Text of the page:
Hohler Stein area in close vicinity to Vent (2,050m) is an ancient hunters' and shepherds'' base dating back to the Stone Ages (8000-4000 BC). Archaeological findings prove that Vent was a hunting are even in 8000 BC.
After the finding of the iceman Dr. Leitner of the University of Innsbruck made further investigations. He proved the existence of more Stone Age hunters' bases in the Ötztal valley, e.g. at the Hohler Stein mountain in Niedertal/Vent which is at an altitude of 2,050m and only 10km (beeline) from the place where the iceman was found.
Rofenhöfe farmhouses/ suspension bridge
The Rofenhöfe farms are located 2km above of Vent at an altitude of 2,014m. Visit the famous Haflinger breed of the farmer Franz Klotz. Leander Klotz was an ancestor of today's inhabitants. In 1848 he was the first man to climb the Wildspitze mountain. He and his brother Nikodemus were trained to be mountain guides by the glacier priest Franz Senn.
The suspension bridge was built by the Klotz brothers in 1967 and renewed by the provincial government in 1984. The bridge is 46m long. The Rofnerschlucht gorge is 31m in depth. Earlier only a small footbridge led across the Rofnerache river. Climb a number of small rocks to get to and from the bridge.
museum in the tower
Today's Museum in the Tower was formerly known as "Galerie zum alten Oetztal" installed by Hans Jäger in his private farmhouse. It is meant as a countermovement to the stream of time in order to preserve the rich cultural heritage in the rural region and its numerous traditions deeply rooted in history, which are often ignored by the so-called modern way of thinking!
A fine collection of pictures centers on the view over the mighty Ötztal Alps from different angles in the lower valley. Changing exhibitions are scheduled. After many years of collecting material, photographs and pictures, visitors can take a unique insight into the region and its varied facets.
The Piccard Memorial, which was erected in 1989, reminds of the emergency landing of Professor Auguste Piccard at the Gurgler Ferner glacier on 27 May 1931. The news of his rescue was published in newspapers all over the world. A festschrift is available at the Obergurgl-Hochgurgl tourist information office.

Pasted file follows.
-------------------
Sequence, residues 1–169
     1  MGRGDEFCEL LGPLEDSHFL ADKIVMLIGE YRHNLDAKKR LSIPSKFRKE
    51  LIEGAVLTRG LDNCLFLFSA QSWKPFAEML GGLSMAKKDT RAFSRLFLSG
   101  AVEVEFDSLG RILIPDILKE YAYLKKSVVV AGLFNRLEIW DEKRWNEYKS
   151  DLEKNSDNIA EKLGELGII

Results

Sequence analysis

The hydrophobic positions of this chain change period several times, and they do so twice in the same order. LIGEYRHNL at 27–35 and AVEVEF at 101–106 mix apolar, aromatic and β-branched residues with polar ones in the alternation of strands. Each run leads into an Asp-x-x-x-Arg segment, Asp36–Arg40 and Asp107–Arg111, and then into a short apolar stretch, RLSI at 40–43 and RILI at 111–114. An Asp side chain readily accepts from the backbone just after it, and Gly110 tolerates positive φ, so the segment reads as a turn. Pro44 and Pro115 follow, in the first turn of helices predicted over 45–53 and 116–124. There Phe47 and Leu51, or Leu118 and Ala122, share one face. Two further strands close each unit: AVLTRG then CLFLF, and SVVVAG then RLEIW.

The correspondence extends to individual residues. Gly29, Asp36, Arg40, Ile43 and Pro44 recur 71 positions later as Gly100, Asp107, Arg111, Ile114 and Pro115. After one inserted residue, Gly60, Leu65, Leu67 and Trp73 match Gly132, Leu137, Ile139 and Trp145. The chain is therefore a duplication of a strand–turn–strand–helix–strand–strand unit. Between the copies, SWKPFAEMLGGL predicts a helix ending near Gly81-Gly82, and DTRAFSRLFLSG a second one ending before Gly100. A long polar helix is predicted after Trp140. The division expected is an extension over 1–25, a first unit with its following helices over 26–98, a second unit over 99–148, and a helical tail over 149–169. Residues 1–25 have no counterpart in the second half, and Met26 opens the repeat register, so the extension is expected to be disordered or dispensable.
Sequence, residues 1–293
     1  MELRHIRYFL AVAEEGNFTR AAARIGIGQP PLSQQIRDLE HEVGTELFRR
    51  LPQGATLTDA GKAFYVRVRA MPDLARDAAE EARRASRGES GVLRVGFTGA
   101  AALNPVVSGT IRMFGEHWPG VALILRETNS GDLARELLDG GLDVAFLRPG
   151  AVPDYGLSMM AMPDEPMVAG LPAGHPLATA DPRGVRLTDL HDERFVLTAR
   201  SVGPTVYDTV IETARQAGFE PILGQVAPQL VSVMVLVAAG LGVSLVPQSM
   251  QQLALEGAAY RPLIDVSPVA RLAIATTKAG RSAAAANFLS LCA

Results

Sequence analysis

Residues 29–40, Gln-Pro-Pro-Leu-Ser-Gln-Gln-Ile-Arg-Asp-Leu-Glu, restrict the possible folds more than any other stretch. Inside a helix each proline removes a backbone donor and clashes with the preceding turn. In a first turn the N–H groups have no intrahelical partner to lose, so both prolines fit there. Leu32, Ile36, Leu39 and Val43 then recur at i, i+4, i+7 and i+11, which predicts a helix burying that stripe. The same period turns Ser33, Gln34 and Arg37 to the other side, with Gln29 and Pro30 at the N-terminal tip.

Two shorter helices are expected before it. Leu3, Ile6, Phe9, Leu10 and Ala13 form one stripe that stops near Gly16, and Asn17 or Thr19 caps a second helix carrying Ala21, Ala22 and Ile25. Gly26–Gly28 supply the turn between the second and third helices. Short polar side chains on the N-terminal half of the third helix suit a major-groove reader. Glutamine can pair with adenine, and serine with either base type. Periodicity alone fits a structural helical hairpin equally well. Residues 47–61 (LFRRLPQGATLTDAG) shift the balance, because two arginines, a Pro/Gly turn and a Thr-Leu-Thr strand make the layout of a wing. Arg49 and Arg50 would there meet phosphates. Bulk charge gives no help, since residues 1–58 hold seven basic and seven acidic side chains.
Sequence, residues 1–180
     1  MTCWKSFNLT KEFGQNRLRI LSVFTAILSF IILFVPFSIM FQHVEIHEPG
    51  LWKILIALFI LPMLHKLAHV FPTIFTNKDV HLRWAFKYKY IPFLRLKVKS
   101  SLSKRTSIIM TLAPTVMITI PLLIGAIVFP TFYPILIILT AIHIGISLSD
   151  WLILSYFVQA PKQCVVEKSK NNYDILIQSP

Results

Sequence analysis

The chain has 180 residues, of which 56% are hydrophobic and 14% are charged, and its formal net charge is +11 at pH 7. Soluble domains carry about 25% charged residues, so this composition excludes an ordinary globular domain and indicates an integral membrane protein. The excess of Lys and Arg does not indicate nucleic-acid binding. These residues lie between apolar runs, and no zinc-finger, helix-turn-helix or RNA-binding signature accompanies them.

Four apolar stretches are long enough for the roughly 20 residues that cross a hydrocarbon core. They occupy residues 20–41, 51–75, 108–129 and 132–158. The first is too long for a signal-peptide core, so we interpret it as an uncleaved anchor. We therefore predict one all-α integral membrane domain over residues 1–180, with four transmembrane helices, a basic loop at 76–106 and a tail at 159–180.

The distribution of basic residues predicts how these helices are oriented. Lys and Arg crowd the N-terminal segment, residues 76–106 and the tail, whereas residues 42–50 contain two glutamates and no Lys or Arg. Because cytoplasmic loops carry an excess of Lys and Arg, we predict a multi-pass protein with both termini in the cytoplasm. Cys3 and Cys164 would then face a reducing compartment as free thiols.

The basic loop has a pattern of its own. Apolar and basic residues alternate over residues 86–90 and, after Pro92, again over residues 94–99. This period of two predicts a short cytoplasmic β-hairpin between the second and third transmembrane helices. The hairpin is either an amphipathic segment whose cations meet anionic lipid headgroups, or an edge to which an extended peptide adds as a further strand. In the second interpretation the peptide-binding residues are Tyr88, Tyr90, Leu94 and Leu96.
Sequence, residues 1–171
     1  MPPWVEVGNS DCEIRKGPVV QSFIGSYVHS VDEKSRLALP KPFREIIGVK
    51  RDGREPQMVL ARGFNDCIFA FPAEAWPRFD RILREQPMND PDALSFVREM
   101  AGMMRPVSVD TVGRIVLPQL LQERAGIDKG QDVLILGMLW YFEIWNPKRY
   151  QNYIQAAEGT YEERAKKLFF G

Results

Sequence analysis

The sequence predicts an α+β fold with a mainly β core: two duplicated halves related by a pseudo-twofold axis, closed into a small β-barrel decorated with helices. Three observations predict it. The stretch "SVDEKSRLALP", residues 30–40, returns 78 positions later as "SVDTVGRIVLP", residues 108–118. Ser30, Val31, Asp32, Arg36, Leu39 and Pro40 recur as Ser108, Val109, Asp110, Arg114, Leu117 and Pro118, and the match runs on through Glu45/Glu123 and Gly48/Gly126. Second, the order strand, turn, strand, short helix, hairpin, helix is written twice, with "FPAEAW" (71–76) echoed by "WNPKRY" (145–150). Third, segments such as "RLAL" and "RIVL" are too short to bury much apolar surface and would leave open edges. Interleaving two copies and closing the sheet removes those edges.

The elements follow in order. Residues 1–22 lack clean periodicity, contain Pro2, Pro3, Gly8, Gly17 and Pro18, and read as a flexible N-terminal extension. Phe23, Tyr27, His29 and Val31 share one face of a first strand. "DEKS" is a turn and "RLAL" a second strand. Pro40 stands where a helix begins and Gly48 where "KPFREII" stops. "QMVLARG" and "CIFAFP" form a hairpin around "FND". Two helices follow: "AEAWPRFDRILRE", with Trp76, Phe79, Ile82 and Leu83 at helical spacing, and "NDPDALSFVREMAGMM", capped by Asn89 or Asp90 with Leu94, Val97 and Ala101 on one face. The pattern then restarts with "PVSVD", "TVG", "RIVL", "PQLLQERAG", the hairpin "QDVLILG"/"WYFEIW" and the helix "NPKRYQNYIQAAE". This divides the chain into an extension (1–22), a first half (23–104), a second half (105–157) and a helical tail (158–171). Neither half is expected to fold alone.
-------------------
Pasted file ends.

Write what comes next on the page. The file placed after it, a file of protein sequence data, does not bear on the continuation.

On 27 May 1931 Professor Auguste Piccard and his assistant Ing. Paul Kipfer start a scientific high-altitude flight in Augsburg. They are the first persons to reach the stratosphere at 16,000m of altitude in a balloon. Because of technical problems with the valve line the two scientists land at the Gurgler Ferner glacier in the Ötztal Alps by chance. Because of this event, which was in the news all over the world, this sleepy mountain village became known internationally. Auguste Piccard wrote in his logbook after his fortunate landing: "Nice, unknown high Alpine area, basket and balloon are on a glacier".
LOCAL HERITAGE MUSEUM
DThis outstanding museum located in Lehn near Längenfeld displays rural life and work in the Ötztal up to the Fifties of the 20th century.
The main part of the museum hosts a traditional, two-sided Ötztal farm with granary. Right next to the farmhouse you find a block-shaped side wing building dating back to the 17th century. The museum puts on display the modest life of Ötztal's inhabitants in past times. Besides the farmhouses visitors can take a closer look at agricultural machinery driven by Lehnbach brook's water power.